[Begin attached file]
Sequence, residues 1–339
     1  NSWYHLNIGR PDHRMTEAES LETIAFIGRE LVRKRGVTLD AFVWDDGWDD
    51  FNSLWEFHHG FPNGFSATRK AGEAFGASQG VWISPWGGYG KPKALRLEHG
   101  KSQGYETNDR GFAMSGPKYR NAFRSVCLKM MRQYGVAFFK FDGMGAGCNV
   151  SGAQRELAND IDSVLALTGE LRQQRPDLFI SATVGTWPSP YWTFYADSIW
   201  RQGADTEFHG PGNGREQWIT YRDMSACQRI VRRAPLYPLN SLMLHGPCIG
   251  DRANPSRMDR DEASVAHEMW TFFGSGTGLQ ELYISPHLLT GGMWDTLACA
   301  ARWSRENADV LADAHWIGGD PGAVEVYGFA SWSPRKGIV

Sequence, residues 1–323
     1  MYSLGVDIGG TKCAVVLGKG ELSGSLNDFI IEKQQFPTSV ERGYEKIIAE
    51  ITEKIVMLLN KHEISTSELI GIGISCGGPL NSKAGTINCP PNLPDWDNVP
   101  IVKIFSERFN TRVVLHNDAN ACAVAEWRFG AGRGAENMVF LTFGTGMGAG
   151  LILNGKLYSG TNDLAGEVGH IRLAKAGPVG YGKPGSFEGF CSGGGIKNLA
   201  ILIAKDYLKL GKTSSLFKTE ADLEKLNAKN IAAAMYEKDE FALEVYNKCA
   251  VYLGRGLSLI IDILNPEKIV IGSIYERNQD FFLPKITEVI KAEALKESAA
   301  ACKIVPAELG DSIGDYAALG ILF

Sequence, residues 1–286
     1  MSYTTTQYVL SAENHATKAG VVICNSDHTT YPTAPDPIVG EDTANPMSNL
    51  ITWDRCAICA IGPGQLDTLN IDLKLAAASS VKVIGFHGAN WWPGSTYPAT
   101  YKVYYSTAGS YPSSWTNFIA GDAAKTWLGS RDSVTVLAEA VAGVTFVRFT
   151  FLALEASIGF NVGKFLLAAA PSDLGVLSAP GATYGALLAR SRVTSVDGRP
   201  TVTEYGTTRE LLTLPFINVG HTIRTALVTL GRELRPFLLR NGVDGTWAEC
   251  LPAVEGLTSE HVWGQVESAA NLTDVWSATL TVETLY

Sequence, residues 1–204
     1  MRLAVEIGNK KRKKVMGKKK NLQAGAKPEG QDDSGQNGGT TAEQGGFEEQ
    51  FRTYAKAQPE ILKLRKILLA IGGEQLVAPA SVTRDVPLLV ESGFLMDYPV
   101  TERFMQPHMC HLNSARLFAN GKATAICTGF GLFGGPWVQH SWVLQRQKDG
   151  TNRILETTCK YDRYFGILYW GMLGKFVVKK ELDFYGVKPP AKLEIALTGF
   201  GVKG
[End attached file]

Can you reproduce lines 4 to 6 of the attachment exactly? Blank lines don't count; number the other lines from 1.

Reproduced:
   101  KSQGYETNDR GFAMSGPKYR NAFRSVCLKM MRQYGVAFFK FDGMGAGCNV
   151  SGAQRELAND IDSVLALTGE LRQQRPDLFI SATVGTWPSP YWTFYADSIW
   201  RQGADTEFHG PGNGREQWIT YRDMSACQRI VRRAPLYPLN SLMLHGPCIG